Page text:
Scholes came off the bench against Southampton to inspire the side to victory, but it feels that now is the time that Cleverley is ready to step into the club legend’s sizeable shoes. If he can stay injury-free and maintain the promise that he has shown to date this season, Cleverley may prove himself as an important fixture for both club and country in 2012-13.

Manchester United and Tottenham take note: Joao Moutinho is the man to transform your midfields

As with any international tournament, a raft of players impressed at Euro 2012 and are now subject to transfer attention. One such man is Portugal’s Joao Moutinho, who starred in the Iberian nation’s progression to the semi-finals in Ukraine and Poland. Both Manchester United and Tottenham have been credited with an interest, with a wrangle for the playmaker’s signature looking likely this summer.

Why United need Moutinho

Sir Alex Ferguson has been in the market for a new innovative midfield general for a number of years now as a potential long-term replacement for the evergreen Paul Scholes. Despite the veteran agreeing to play for another year, surely now must be the time to sign his successor whilst Scholes is still present.

With Luka Modric too expensive, Lucas Moura too raw and interest in Wesley Sneijder cooled off, Moutinho looks like an excellent option. The Porto man will have been on most big European clubs’ radars for some time, but his quality was certainly evident and reconfirmed this summer. The ex-Sporting Lisbon man showed a tenacity and work-rate for his country that will have appealed to Red Devils fans, whilst also more often than not being the creator for Cristiano Ronaldo’s chances and goals.

At 25-years-old Moutinho is ready for the step up, and a gradual introduction to the United first-team with Scholes in attendance to guide him seems sensible.

Why Tottenham need Moutinho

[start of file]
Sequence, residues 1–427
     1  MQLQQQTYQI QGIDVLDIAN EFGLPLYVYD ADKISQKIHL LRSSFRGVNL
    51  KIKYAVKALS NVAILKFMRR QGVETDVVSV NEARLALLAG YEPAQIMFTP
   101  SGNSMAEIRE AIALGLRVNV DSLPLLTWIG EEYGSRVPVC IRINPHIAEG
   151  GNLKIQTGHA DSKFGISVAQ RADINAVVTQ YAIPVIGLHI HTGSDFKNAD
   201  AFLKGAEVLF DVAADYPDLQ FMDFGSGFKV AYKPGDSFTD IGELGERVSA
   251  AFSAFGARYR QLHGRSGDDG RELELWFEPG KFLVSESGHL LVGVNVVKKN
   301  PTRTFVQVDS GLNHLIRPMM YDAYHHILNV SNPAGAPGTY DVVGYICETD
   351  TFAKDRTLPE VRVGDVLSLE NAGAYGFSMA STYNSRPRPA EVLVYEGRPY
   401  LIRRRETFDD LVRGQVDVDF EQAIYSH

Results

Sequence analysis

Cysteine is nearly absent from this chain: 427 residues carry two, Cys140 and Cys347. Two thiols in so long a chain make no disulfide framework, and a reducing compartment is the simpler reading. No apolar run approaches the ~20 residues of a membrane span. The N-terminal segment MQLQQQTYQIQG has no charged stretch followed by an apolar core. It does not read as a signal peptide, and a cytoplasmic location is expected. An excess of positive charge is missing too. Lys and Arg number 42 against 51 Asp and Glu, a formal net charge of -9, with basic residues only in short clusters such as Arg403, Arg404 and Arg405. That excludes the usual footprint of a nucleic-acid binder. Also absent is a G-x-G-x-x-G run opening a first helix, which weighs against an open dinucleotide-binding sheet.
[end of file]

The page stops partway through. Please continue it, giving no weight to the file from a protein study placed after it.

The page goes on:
It will certainly be a busy summer for Tottenham, with new faces and player sales expected. The exit of Harry Redknapp has led to Andre Villas Boas’ appointment, and Icelandic attacking midfielder Gylfi Sigurdsson has been added to the squad already also.

However, this summer may finally be the time that Spurs fans have to say goodbye to main man Luka Modric. With the north London outfit missing out on Champions League football for a second consecutive season the Croatian star looks likely to leave, with Real Madrid ready to pounce.

Modric’s exit would leave a sizeable creative hole in the centre of the park, with Moutinho the perfect player to fill it. The Portuguese midfielder’s qualities and stature are similar to that of the man he would be replacing, even if Modric does have a slight creative edge. However, if Villas Boas can convince his former Porto charge to swap the Estadio do Dragao for White Hart Lane, the blow of Modric’s departure would certainly be lessened.

At a more affordable price than equivalent players on the market, Sir Alex taking an interest and the Villas Boas link, the battle for Moutinho’s signature this summer could be an interesting one.

Manchester City, Newcastle and the biggest Premier League winners of 2011-12

A fantastic last day of the season capped off one of the most memorable Premier League seasons in the recent memory. 2011/12 has had it all; a topsy-turvy title race that literally went down to the wire, a bitter battle for the top four, heroics in the Champions League and a breathtaking relegation battle. Now that the dust has settled, here are Ninety Minutes Online’s top five winners of 2011/12.

Roberto Mancini’s Manchester City mindgames

An incredible title race has been consisted of champions and perennial favourites Manchester United being confronted by cross-town rivals Manchester City, with the noisy neighbours claiming victory on a captivating last day. The Etihad Stadium outfit looks almost unstoppable at the start of the season, with Sir Alex Ferguson’s men struggling to keep up at times, before the Red Devils recaptured the advantage and found themselves eight points clear at the summit. After a derby victory for City, the battle went down to the last day, with two goals in stoppage time by Edin Dzeko and Sergio Aguero against QPR unbelievably giving the Citizens their first top-flight title since 1968.

Ferguson is usually the king of managerial mindgames, but on this occasion the imperious Italian has seemingly got into the United players’ thoughts, and City provide worthy winners of the 2011/12 Premier League.

Alan Pardew and his Newcastle team

Despite missing out on the top four with a last-day defeat by Everton, Newcastle have been exceptional under Alan Pardew this season, and have defied the odds to be in the race for Champions League qualification. The likes of Cheik Tiote, Demba Ba and Yohan Cabaye have proved to be astute signings, whilst the January acquisition of Papiss Cisse has resulted in a new number nine hero for the Tyneside club.

Pardew and his side must be given credit for finishing above the likes of Chelsea and Liverpool this season and providing some exceptional football at times.

Newly-promoted sides